You must have something important to present. Otherwise; why bother giving the presentation in the first place? And as such, you probably have prepared the content of your message well. And you might have even prepared a PowerPoint presentation to accompany your talk. But does it stand out? Does it do justice to the point you want to bring across?
Or do your PowerPoint slides bring your talk down by being dull and boring?
Whenever you are in doubt about the visual impact of your slides, and there is this lingering thought somewhere “Hmm… these slides don’t excite me… Could I have done better?”, please read on. I might have some clear pointers for you that your slides suffer from the most common pitfalls of boring slides. But don’t worry, there are some easy ways even seasoned presenters use to fix these problems!
If you yourself feel that your PowerPoint slides look boring, then don’t expect the audience to be too thrilled! Let us start by guessing why your presentation looks a lot less interesting than what you wanted.
For starters, are the backgrounds of your PowerPoint slides just plain white with black or even dark blue text? Is the typeface used either Arial, Verdana or Calibri? OK, there’s a predictable title on the top, and most of the slides have around 4 to 8 bullet points.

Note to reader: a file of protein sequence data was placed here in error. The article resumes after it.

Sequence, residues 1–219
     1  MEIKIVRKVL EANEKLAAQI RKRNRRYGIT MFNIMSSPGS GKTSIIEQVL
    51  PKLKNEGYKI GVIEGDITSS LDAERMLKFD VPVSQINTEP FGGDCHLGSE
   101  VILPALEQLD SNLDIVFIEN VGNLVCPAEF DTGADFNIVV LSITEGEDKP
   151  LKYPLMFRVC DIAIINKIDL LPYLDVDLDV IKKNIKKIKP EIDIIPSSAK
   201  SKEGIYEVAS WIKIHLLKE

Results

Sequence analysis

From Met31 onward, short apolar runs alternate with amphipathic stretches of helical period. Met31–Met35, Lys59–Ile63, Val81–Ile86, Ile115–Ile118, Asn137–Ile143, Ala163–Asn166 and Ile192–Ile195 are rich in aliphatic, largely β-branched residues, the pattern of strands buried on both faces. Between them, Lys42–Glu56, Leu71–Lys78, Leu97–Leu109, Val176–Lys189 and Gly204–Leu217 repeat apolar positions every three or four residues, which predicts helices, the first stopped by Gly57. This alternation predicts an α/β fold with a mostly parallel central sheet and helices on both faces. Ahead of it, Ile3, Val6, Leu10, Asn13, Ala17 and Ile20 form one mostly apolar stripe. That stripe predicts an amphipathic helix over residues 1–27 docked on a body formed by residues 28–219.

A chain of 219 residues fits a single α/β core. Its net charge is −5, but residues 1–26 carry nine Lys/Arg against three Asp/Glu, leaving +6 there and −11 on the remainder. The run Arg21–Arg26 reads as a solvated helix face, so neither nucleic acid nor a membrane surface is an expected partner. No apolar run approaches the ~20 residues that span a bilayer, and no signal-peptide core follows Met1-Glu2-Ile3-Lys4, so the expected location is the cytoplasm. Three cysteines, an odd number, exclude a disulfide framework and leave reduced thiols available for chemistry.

Sure, it could have been much worse, with unreadable yellow text on white backgrounds, but your slides are probably not really inspiring.
Your PowerPoint slides should help to hold the attention of your audience, keep them engaged, and on-track.
Let’s face the facts. Your presentation looks boring because 9 out of 10 PowerPoint presentations look eerily similar to the ones you are presenting. You do realize that this is a sad state of affairs for your audience, and they will not be delighted. They will be bored, again!
Well, now that you have consciousness of problems in your deck, here are six ways that show how you can fix these problems:
Guess what, probably 95% of all PowerPoint presentations use either Arial, Verdana or Calibri typefaces. No, these are not survey findings but you will soon find it true if you look closely at the slides being created by others.
The solution, of course, is to use a different font.
You may get the best visual impact by using a non-default font on your computer. But you may run into problems if you share your presentation on other computers. Fortunately, you can find plenty of fonts that are installed on most computers, and are still not so widely used as Arial, Verdana or Calibri—think Corbel, Candara, Gill Sans MT, Georgia, and more.
Surely you’ve seen a lot of these fonts before?
Image: Arnout Drenthel
A white background with black or dark blue text is one of the best solutions for readability and a clean, ‘corporate’ look. But that’s exactly why everyone uses it!
The solution: One easy solution is to switch your backgrounds: make them dark (or use one of your corporate colors)—and then make your text white. That will give your slides extra visual impact since the dark background will allow your text to stand out.
Another advantage: Your slide won’t radiate as much white light. So it will be easier for your audience to look at you, instead of staring at your slide.
Note that it is harder to let the white background can pop as much as the original red one!
Image: Arnout Drenthel